Time is the only way to tell if Valve will keep up this support, but the signs are promising. At the very least, Valve is making the effort by doing things like partnering with iFixIt and posting the CAD files for everything on the Steam Deck. That’s a lot more than other handheld makers can say.
The Nintendo Switch is infamous for developing stick drift — an issue where one of the analog sticks will detect a subtle input even when you’re not touching the stick. There’s a robust repair ecosystem for the Nintendo Switch now, including replacement thumb sticks, but that network only came up after multiple class-action lawsuits were filed against Nintendo.
That’s not to say Nintendo is using subpar hardware — as iFixIt points out, all analog sticks have a limited lifespan. The difference is that Valve is getting ahead of that limited life span by supplying components and getting the hardware in the hands of repair experts.
The Steam Deck will inevitably have issues; components will break and they’ll need to be replaced. Even before the Steam Deck had started shipping, though, Valve put resources in place so customers have an option to repair their Deck outside of asking for help in Reddit threads.
Backwards compatibility is an issue that every console faces. Microsoft has been diligent to bring back support for older titles through the Xbox One and Xbox Series X, and PlayStation is starting the process by supporting PS4 games on PS5. PC is still the winner when it comes to backwards compatibility, though, and the Steam Deck is just a PC.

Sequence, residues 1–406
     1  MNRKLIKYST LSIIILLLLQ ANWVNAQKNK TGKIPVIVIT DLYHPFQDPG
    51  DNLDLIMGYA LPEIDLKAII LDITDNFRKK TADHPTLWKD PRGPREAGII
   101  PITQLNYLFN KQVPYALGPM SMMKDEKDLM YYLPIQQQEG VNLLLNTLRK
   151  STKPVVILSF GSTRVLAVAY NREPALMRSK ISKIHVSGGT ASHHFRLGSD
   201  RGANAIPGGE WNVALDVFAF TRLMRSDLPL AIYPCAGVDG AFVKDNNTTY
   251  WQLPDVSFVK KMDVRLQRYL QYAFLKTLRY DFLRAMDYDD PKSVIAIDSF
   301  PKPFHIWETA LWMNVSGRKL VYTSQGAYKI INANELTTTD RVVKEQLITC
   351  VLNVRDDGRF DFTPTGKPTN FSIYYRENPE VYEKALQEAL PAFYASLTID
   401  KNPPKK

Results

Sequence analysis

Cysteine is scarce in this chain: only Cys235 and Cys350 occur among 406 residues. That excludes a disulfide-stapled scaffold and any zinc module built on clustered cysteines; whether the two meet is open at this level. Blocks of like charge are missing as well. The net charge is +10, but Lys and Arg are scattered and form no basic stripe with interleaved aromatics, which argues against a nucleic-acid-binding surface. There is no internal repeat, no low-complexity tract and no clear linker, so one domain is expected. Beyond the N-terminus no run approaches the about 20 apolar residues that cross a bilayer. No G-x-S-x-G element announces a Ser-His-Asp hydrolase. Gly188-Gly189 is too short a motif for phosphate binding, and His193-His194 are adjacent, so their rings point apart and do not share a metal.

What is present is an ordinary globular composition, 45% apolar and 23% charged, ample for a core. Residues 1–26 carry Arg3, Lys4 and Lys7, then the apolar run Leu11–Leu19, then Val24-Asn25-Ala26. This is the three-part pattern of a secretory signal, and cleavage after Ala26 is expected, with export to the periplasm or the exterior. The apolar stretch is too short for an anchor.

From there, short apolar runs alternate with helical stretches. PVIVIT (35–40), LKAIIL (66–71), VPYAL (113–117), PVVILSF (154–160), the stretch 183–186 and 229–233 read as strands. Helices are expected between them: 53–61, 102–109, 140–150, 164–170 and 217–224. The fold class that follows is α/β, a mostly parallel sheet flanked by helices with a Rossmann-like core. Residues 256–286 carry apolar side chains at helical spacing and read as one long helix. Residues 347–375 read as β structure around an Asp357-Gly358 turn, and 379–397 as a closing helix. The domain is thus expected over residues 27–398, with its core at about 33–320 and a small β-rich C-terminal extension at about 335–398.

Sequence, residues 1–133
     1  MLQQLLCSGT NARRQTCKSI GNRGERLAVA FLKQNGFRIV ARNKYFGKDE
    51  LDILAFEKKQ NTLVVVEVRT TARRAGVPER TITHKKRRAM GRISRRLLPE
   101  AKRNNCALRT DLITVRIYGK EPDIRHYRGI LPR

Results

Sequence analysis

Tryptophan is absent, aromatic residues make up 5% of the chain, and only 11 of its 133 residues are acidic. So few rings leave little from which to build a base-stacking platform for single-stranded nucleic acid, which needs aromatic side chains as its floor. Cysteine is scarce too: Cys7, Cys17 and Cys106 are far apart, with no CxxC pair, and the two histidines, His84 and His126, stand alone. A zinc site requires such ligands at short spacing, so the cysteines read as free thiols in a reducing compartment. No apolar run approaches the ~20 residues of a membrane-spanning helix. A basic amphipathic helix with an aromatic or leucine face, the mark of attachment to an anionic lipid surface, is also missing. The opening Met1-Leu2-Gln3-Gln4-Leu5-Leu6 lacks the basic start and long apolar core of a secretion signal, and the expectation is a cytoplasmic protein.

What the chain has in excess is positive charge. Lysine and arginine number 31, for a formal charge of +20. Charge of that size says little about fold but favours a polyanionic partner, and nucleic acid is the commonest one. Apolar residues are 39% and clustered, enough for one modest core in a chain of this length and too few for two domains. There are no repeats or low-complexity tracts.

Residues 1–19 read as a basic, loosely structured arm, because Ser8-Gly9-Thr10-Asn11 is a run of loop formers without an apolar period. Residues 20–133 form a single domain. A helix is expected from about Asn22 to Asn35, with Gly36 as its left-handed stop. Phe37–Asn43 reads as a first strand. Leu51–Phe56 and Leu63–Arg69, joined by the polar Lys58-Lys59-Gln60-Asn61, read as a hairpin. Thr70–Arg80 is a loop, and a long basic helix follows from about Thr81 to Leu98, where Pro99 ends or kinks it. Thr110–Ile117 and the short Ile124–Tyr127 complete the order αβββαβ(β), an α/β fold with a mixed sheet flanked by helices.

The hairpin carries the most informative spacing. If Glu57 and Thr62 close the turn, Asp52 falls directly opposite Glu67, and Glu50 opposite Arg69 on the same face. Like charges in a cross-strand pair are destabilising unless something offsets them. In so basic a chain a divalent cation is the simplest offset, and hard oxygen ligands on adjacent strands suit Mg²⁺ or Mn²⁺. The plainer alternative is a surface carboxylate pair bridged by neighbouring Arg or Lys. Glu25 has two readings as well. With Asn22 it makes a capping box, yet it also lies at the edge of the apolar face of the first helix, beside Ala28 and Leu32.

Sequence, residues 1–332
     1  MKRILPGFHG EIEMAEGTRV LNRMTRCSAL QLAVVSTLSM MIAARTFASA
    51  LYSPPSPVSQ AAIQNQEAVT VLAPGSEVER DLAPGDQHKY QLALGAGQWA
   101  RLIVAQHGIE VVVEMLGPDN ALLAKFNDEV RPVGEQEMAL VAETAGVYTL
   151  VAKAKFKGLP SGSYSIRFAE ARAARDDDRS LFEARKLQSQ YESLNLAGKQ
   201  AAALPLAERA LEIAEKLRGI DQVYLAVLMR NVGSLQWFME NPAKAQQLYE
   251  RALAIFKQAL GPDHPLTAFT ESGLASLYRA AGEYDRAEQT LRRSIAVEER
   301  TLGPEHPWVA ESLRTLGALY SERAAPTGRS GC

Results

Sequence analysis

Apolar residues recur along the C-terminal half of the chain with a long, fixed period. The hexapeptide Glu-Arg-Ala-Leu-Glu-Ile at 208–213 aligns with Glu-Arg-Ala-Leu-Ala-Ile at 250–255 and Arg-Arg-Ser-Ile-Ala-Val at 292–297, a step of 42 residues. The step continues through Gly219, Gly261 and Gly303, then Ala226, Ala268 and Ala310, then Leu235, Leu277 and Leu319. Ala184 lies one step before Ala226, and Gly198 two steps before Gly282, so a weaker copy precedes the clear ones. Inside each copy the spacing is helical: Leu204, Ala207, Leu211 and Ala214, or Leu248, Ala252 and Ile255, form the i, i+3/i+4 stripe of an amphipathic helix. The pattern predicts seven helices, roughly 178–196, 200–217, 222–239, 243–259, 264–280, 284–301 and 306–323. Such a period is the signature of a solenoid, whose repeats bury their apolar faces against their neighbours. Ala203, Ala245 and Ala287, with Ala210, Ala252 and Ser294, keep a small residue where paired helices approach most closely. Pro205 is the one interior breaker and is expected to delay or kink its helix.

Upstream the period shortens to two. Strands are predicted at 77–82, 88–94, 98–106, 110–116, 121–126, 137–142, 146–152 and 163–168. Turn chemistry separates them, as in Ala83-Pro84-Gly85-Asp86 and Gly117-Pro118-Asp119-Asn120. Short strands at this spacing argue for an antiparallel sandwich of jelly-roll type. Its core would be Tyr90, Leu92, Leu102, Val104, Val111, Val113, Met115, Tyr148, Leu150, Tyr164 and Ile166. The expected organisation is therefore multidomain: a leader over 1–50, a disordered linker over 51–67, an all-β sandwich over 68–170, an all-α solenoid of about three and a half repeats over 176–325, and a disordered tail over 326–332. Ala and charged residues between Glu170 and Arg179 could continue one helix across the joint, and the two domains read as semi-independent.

There are two big issues that backwards compatibility solves on a handheld: Bloated game prices and reselling games you’ve already purchased. Certain games are notoriously expensive on handhelds, and without digital copies available, your only option is to pay up or resort to piracy. Want to play Persona 3 on PSP? That’ll be $200, please.
Between the library at Steam and third-party platforms like GOG and Humble Bundle, you can find the vast majority of PC games ever released, no matter how old they are. There are exceptions — titles like Transformers: Devastation and even Rocket League have been pulled from Steam — but you have a lot more options for getting a game at a reasonable price on PC than you do on a closed platform like the PSP or even the Nintendo Switch.
You don’t have rebuy games, either. Nintendo is notorious for this. If you stocked up on Virtual Console titles for your 3DS, that’s the only place you can play them. If you want to play the classics you paid for on your Nintendo Switch, you’ll need to pay again for a Nintendo Switch Online membership (assuming the games you bought even come up as part of the program).
If Valve ever releases a Steam Deck 2, you’ll presumably be able to take every game you’ve bought with you. And with DRM-free options available, you’ll be able to continue playing games you’ve already purchased — even if a follow-up to Steam Deck never happens.